WAYNE COUNTY — A source at the Michigan Secretary of State has informed The Arab American News that Wayne County has now certified its elections results, after two Republicans on the county’s Board of Canvassers changed their earlier decision not to do so.
Earlier Tuesday evening, the Wayne County Board of Canvassers was not able to certify results of the Nov. 3 election. The board was deadlocked on a 2-2 decision between two Democrats and two Republican canvassers, with Republicans voting not to certify the ballots.
Reports say several Detroit precincts are slightly out of balance, meaning votes are not in line with the number of voters. This is a small discrepancy and not evidence of fraud.
The deadlock meant a possible delay in certification of statewide election results. According to Michigan law, when a county board fails to certify election results, the Board of State Canvassers takes over, which then has 10 days to canvass and certify the results.
Monica Palmer, the Republican chair of the Wayne County Board of Canvassers, said earlier she would be open to certifying much of Wayne County, but not Detroit. However, Palmer said she would certify results in Livonia, which is primarily White, and was mentioned by staff as having the second highest number of out-of-balance precincts.
The board of canvassers oversees election process and then certifies the results by signing off on the canvassing process and announcing the final vote totals in the county. For decades, boards have certified election results that included unbalanced precincts. Unbalanced precincts do not mean an inaccurate count, and instead typically means human error in the paperwork, according to Progress Michigan.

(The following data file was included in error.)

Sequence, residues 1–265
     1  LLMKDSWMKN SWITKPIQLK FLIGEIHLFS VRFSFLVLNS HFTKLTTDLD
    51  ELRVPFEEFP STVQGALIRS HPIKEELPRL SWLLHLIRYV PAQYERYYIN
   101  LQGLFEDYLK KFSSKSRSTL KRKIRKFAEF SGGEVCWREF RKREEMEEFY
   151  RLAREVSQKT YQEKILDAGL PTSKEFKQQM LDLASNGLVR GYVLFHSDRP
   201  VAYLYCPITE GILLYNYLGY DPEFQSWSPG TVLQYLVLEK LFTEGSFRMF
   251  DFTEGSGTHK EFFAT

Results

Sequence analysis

While the board was in deadlock, Governor Whitmer said she was confident that the state board would step in and move results forward to be certified statewide.
Secretary of State Jocelyn Benson said the state’s Bureau of Elections, “stands ready to fulfill its duty to complete the canvas for Wayne County, address any clerical errors and improve the quality of the canvass overall. Importantly, this is not an indication that any votes were improperly cast or tabulated.”
My statement on the actions taken during today’s meeting of the Board of Wayne County Canvassers. pic.twitter.com/Vb2TRpiLdJ
— Jocelyn Benson (@JocelynBenson) November 17, 2020
The county board met on Tuesday after the Michigan Court of Appeals rejected a lawsuit, filed by a group of Republican election challengers, to delay the certification. The lawsuit had alleged fraud in the count at the TCF Center in downtown Detroit. The lawsuit was originally denied by a Wayne County judge who called it “incorrect and not credible.”
The meeting lasted five hours and saw outrage and accusations of racism against Black voters in Detroit from the public.
U.S. Rep. Rashida Tlaib (D-Detroit) also chimed in on Tuesday’s developments.
“The Republican members of the Wayne County Board of Canvassers refusal to certify the November general election results is nothing but a racist and partisan attempt to disenfranchise voters,” Tlaib said. “It’s plain and simple — the Republican members abdicated their role and put politics above their duty to our residents. Suggesting that all of Wayne County can be certified, EXCEPT for Detroit, is horrifyingly racist and a subversion of our democracy.
“Members Monica Palmer and William Hartmann will live in infamy for their flagrant racism and disregard for democracy. Their decision will delay the voices of Wayne County residents from being heard and cost Wayne County taxpayers more money, and will only fuel the baseless attempts to sow doubt about the results of the election. This is a shameful day for our county and state.”